Writing reviews has got to be tough. Personally, I’ve never written one, though I expect that now that I’m published, I will get asked at some point. I want to give good reviews. I know how difficult it is to not only write a novel but to get it published too. It’s very, very hard to do. I want to be able to support other author’s efforts. Authors look forward to good reviews. It’s a nice confidence boost even if they don’t do much for sales. We dread the bad ones. We want everyone to like our work, even though we know that’s an impossibility. Some will hopefully love our stories, some will feel very ‘meh’ about it, while others, hopefully very few, won’t like it at all. We hope those folks don’t end up writing a review.
So, what is a good review? When I say this, I don’t mean good in the sense of only writing good things about the book. I mean good in the sense that the review accomplishes the goal of expressing the reader’s opinion in a succinct and tactful manner. Overly effusive reviews, lauding the work as the greatest writing to ever be printed on the page can be just as harmful as spewing forth venom about how the book should be burned and the author being an incompetent idiot. While an author may love the effusive praise, readers know when a reviewer is not being genuine. You wonder if the reviewer was being paid to write it. These reviews do nothing to help the author in my opinion. If anything, they may make readers more likely to find fault with a book, just to prove the reviewer wrong. The same goes for reviews that trash an author. Readers will think the reviewer spiteful, mean-spirited, or perhaps out to get the author. This does not mean you can’t be honest in your opinions, whether good or bad.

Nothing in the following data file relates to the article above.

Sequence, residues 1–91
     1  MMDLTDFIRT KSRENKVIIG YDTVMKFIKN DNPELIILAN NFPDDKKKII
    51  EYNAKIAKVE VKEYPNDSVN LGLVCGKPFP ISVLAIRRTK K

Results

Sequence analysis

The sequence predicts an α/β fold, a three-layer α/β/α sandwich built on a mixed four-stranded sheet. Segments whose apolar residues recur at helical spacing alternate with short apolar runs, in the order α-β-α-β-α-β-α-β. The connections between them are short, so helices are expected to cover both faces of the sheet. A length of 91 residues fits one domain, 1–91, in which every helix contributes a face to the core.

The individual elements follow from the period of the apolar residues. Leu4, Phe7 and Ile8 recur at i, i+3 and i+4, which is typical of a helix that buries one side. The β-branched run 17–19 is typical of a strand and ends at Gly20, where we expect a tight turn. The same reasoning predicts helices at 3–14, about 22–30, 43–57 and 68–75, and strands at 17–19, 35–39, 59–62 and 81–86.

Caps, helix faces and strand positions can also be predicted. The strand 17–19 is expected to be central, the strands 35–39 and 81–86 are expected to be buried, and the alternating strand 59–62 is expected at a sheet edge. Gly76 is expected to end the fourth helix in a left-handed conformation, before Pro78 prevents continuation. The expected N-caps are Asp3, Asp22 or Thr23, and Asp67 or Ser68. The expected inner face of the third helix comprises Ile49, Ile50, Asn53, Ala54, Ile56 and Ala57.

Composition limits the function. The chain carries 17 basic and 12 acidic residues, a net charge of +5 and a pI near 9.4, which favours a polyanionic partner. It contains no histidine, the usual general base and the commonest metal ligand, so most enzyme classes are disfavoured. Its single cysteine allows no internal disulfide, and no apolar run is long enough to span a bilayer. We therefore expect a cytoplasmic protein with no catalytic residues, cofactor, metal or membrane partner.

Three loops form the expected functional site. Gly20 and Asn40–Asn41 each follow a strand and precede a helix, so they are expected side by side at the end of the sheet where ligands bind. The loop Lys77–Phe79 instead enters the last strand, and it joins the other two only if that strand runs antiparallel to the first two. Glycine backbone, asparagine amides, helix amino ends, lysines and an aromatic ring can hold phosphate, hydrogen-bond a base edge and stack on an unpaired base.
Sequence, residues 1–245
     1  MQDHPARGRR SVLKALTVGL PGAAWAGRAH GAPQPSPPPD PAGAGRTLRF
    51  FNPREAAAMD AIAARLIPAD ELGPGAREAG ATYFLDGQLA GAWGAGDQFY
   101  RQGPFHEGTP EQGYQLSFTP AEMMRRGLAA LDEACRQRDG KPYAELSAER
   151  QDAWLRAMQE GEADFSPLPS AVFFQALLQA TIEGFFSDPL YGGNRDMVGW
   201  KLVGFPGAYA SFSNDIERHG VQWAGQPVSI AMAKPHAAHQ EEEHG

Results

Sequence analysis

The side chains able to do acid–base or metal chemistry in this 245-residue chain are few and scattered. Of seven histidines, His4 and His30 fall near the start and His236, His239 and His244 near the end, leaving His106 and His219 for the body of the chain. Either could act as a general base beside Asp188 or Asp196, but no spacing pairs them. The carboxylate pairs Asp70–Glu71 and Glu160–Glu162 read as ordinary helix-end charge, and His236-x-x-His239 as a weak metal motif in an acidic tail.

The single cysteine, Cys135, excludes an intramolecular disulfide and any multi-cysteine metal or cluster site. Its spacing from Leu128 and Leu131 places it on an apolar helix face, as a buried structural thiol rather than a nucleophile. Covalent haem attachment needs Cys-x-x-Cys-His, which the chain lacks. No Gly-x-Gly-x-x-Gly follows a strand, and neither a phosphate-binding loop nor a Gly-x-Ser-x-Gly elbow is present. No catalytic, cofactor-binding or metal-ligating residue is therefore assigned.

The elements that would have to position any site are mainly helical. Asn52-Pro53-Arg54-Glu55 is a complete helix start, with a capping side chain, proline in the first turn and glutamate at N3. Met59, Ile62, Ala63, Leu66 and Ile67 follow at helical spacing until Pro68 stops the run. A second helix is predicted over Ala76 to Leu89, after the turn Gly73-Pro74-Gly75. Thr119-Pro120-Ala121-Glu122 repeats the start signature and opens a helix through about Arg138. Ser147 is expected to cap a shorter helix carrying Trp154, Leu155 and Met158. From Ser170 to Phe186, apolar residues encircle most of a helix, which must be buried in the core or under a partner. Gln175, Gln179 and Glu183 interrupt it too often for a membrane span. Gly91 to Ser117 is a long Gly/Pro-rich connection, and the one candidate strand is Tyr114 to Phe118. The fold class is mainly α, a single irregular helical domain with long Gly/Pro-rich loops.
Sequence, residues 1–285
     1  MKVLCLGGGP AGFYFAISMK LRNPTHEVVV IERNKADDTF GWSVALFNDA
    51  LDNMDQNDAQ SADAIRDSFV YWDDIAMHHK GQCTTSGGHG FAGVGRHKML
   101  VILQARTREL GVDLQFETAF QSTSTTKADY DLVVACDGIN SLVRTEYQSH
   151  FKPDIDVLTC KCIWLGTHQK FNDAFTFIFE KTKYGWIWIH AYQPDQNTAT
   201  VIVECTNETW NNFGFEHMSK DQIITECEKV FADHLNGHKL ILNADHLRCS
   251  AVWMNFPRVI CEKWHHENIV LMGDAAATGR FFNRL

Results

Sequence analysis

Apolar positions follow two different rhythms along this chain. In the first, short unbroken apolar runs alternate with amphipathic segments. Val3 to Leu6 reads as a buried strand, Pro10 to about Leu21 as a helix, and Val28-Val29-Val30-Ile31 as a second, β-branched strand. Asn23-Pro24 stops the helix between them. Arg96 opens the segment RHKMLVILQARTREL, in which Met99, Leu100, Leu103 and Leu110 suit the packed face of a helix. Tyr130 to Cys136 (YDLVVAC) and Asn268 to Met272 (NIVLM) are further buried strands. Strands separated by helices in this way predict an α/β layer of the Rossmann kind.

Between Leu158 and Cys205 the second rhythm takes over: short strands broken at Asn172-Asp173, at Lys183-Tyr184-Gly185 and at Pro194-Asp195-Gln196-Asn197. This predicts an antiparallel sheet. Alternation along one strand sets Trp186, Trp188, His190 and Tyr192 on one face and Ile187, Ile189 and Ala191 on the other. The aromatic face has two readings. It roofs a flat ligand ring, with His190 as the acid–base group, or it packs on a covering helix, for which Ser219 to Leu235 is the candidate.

The point of the review really has nothing to do with the author. It’s for the reader. You review a book because you wish to express your opinion about the story and either encourage or discourage readers about picking it up to read. So, what’s the point of lauding or trashing the author? None. It serves no purpose with regard to the review, unless of course you want to discount yourself as a reviewer. Personally, I put absolutely no credence in reviews that focus on the author in either good or bad ways.
Okay then, what do you want to focus on? The story. What works? What doesn’t? Why would you recommend the book or not? Was the plot riveting or inconsistent? Did the characters jump off the page or were they flat? In a way, as a reviewer, your acting like a editor, breaking down the story into the elements that work and don’t. Then, it’s your job to express that in succinct, tactful language. Don’t bad mouth the author for writing something you don’t like. Don’t spew forth purple prose saying it’s the greatest book evah! Tell us readers why we should read or not read the book, A-B-C. This doesn’t mean you can’t praise the author for doing something well. By all means do so, but if you really just don’t like a book, hate it even, avoid the trash-talking. Explain why you don’t like the book in factual, plain terms, and let others decide what to make of it.
And a note to authors, and obviously I can’t speak from experience here since my debut isn’t out until April, take reviews with a grain of salt. Appreciate the good reviews and ignore the bad. It’s just people expressing an opinion, and the bad ones (99.99% of the time) have zero effect on the sales of your book. It’s just one subjective opinion, and readers have a right to express it.
Note: check out the previous post if you’ve read any new UF/PNR releases (past two months) and feel like posting a review for a shot at getting signed cover flats or a copy of Deadworld (when I get my early copies in March). Happy reading!